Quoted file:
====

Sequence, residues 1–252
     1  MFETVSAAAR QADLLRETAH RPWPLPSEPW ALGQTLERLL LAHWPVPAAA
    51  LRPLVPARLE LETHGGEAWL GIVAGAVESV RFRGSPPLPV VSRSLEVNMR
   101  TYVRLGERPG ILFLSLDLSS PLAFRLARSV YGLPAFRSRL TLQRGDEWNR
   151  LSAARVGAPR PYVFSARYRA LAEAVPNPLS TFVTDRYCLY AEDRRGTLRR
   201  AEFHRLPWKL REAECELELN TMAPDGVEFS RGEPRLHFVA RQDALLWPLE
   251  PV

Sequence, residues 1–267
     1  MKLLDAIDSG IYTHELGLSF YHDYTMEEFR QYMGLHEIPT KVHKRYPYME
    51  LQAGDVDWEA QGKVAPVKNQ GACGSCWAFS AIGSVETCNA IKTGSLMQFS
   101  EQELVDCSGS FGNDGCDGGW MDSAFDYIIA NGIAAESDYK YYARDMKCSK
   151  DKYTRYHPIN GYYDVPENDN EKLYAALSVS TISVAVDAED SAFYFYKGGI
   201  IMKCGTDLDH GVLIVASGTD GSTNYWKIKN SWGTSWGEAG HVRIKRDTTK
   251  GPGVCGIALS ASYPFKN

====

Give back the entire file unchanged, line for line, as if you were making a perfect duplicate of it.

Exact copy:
Sequence, residues 1–252
     1  MFETVSAAAR QADLLRETAH RPWPLPSEPW ALGQTLERLL LAHWPVPAAA
    51  LRPLVPARLE LETHGGEAWL GIVAGAVESV RFRGSPPLPV VSRSLEVNMR
   101  TYVRLGERPG ILFLSLDLSS PLAFRLARSV YGLPAFRSRL TLQRGDEWNR
   151  LSAARVGAPR PYVFSARYRA LAEAVPNPLS TFVTDRYCLY AEDRRGTLRR
   201  AEFHRLPWKL REAECELELN TMAPDGVEFS RGEPRLHFVA RQDALLWPLE
   251  PV

Sequence, residues 1–267
     1  MKLLDAIDSG IYTHELGLSF YHDYTMEEFR QYMGLHEIPT KVHKRYPYME
    51  LQAGDVDWEA QGKVAPVKNQ GACGSCWAFS AIGSVETCNA IKTGSLMQFS
   101  EQELVDCSGS FGNDGCDGGW MDSAFDYIIA NGIAAESDYK YYARDMKCSK
   151  DKYTRYHPIN GYYDVPENDN EKLYAALSVS TISVAVDAED SAFYFYKGGI
   201  IMKCGTDLDH GVLIVASGTD GSTNYWKIKN SWGTSWGEAG HVRIKRDTTK
   251  GPGVCGIALS ASYPFKN